As I like to remind each year, the holidays just past are a time that pull us many ways. They draw us into the spiritual meaning of the season at the same time they turn us into super-consumers. We buy “stuff” for others and we get more “stuff” from others. The giving and receiving is good, but all that stuff eats up a lot of time, so it’s good to think about how important time is.
When you boil it down, everything comes down to relationships. What do humans need to be happy? If you look at early humans, the good things they had in life were all some kind of relationship: a small close-knit group, a close relationship with the Earth and with whatever gods they chose to believe in, and often a relationship with some instrument of creative outlet; their art expressed in decorative crafts, or music, or elaborate rituals.
Or if you prefer to look at biblical examples, what kind of life did God set up for Adam and Eve before they blew it? Relationships. With each other, with the animals and garden they over saw, with their God who apparently visited them periodically, as in the scripture “… they heard the voice of the Lord God walking in the garden in the cool of the day” (one of my favorites).
Everything that is important to happiness is some kind of relationship. There are important relationships with those close to you. There’s a relationship with God, or your own spiritual side, or with the Earth, or whatever your beliefs prompt you to seek. There’s a relationship with your creative side that can take expression in music or art or an attractive garden or any number of other outlets.
Everything that really matters is a relationship. And the key ingredient in any relationship is time. You can’t have a relationship with someone without spending a certain amount of time with them. There’s just no substitute. And it applies to every relationship. You won’t be a very close friend if you never spend any time with your friend. You won’t be a very good musician if you never spend any time playing your instrument.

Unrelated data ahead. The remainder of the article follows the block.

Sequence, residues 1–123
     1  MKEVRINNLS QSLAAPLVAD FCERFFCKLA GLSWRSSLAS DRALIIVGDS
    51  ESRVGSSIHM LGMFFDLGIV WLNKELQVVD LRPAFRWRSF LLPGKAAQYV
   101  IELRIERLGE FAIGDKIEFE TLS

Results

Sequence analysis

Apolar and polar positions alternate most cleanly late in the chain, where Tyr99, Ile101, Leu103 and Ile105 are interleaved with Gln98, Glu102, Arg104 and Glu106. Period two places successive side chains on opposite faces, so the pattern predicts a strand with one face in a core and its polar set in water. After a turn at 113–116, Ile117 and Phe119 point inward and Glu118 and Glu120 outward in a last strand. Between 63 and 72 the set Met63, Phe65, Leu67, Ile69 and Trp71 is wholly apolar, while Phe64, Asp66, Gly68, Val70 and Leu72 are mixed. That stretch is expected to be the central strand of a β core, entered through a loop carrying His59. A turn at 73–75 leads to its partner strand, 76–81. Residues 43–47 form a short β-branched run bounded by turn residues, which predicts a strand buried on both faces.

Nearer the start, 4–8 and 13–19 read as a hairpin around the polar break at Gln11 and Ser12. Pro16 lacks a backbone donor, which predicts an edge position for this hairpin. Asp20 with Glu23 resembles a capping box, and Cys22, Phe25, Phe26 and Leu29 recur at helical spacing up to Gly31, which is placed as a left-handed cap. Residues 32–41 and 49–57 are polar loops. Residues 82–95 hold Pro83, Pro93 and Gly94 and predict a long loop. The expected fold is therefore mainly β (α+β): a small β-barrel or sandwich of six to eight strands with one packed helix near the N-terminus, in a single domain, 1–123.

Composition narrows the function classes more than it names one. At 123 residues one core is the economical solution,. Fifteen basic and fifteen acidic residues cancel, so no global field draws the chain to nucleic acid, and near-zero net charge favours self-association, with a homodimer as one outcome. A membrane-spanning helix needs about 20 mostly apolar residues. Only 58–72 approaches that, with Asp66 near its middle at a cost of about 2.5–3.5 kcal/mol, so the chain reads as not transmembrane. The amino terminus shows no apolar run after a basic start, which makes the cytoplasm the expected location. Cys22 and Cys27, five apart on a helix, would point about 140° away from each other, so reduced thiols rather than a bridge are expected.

You can spend time with a TV, but you can’t really have a relationship with it. If you diligently spent hours every evening with the TV for a year you’d have a lot of time invested, but you wouldn’t have anything to show for it. Now if you’d spent that time playing music, or with your kids, or with your spouse, you’d have something to show for it.
So if relationships are the key element in life, and if time is the key element in relationships, where does all that stuff fit in? Well, mostly in eating up time. There’s nothing wrong with stuff inherently, it’s just a matter of priority. If you spent an evening making Christmas cookies with your kids, now you’ve got some more stuff (although this particular stuff probably won’t be around long), but you’ve also spent an evening with your kids, so you’ve got something more to show for it than just cookies. But for the most part stuff just eats up time, and time is all we have.
I’ll say it again. Our little bit of time is really the only thing that we have. Use it well. Happy New Year, Merry Christmas, Happy Holidays, and a warm Solstice, the beginning of the return of the sun. Now don’t let those cookies go to waste.
Tom Cantlon is a local business owner and writer and can be reached at comments at tomcantlon.com.